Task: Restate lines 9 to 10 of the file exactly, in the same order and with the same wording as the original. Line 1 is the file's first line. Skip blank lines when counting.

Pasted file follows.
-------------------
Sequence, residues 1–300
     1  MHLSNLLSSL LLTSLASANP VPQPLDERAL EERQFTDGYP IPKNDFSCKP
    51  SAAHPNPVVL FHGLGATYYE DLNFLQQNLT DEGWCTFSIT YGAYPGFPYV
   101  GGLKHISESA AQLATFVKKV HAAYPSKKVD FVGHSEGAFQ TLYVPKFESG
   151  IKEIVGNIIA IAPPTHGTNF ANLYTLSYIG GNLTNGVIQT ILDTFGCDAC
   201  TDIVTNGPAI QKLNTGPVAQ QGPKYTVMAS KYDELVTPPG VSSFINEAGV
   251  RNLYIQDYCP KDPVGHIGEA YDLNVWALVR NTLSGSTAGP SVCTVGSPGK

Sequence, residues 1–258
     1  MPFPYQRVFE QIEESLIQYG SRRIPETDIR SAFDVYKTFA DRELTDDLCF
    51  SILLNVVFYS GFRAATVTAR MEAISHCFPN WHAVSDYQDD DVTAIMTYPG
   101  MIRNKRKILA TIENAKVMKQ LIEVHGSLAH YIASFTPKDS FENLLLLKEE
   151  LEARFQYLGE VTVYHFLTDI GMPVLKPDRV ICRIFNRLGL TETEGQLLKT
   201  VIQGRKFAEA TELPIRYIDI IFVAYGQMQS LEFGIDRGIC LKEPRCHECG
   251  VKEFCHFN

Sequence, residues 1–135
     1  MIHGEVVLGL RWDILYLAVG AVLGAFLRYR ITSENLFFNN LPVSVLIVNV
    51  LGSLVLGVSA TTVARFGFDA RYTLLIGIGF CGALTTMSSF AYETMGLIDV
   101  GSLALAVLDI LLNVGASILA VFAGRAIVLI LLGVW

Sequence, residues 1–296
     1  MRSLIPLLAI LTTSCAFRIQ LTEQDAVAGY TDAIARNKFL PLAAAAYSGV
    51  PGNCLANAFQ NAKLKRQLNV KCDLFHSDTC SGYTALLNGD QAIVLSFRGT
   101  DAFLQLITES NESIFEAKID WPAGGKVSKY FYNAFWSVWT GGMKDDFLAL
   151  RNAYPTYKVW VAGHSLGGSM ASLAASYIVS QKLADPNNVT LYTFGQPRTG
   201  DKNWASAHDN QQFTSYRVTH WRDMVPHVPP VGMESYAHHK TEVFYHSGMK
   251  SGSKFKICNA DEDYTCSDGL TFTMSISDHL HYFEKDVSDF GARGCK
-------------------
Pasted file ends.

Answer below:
     1  MPFPYQRVFE QIEESLIQYG SRRIPETDIR SAFDVYKTFA DRELTDDLCF
    51  SILLNVVFYS GFRAATVTAR MEAISHCFPN WHAVSDYQDD DVTAIMTYPG